Florida Convict Isn't Joking This Time
When death row inmate Michael Lambrix applied to be a Florida Supreme Court Justice in January, the nominating committee had a good laugh.
When death row inmate Michael Lambrix applied to be a Florida Supreme Court Justice in January, the nominating committee had a good laugh."It's tongue-in-cheek," said Chair Robert Hackleman - and it probably was. (Lambrix wrote: "My biggest qualification...is that I'm the only applicant that has been totally screwed by the justice system.")
But it seems the chuckles ensuing from lawyers and judges have now faded into an uncomfortable silence. This past February 9, the litigious convict scrawled a 26-page motion "to Disqualify the Entire Florida Supreme Court." He demanded it be filed appropriately and addressed in a timely manner. His claim: Chief Justice Peggy Quince helped prosecute his murder case in the 1980s. It has since come to light -- he says -- that the team of lawyers acted unethically. He writes: "Numerous documents [that show] the state knowingly withheld evidence"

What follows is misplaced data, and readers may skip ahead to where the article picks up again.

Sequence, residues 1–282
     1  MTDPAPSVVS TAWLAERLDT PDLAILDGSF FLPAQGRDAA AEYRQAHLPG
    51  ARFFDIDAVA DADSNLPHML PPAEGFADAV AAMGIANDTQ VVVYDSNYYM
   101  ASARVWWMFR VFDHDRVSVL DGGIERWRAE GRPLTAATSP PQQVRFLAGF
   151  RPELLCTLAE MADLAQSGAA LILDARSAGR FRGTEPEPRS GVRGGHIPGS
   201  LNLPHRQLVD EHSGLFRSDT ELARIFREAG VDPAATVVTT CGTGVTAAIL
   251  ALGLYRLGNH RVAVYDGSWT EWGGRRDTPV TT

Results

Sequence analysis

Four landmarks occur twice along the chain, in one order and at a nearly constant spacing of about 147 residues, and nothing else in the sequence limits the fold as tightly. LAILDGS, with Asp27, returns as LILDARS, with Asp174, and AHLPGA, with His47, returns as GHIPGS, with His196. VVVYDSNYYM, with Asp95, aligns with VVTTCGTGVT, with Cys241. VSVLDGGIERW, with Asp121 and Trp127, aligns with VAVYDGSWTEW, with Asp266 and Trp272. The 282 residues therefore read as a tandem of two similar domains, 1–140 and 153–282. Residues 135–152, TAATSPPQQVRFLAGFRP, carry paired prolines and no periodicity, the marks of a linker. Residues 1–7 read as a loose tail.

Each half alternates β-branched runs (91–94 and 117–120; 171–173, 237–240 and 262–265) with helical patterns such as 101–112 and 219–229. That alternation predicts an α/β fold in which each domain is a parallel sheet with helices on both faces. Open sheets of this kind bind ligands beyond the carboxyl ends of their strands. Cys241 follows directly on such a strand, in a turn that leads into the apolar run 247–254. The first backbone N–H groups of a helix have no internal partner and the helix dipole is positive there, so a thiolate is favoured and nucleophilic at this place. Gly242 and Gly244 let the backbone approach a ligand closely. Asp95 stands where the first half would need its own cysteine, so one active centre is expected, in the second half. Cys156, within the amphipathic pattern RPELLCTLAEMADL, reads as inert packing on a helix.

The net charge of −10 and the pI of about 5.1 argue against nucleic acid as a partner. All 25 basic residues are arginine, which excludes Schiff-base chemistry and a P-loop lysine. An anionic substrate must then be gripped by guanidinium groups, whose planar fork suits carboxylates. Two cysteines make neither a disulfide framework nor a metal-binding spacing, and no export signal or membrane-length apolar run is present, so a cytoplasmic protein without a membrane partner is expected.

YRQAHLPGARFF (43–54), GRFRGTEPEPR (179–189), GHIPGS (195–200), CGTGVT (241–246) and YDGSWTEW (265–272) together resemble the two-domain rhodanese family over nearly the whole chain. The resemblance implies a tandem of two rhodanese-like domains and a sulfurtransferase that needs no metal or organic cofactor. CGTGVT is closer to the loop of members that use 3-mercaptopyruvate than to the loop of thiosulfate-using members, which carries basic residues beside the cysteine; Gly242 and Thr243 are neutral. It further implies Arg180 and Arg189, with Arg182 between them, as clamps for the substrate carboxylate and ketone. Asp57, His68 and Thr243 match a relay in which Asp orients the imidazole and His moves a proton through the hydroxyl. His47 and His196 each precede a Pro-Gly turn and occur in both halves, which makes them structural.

Researcher Mike Hikey - who has followed the case out of sheer curiosity --is taking Lambrix seriously. "The fact that he has turned down offers for a reduced sentence twice shows he is serious about his innocence claims."
The clerk's office of the Supreme Court has since processed the inmate's complaint. Problem is, they're not quite sure what to call it. For now it's filed under "other."
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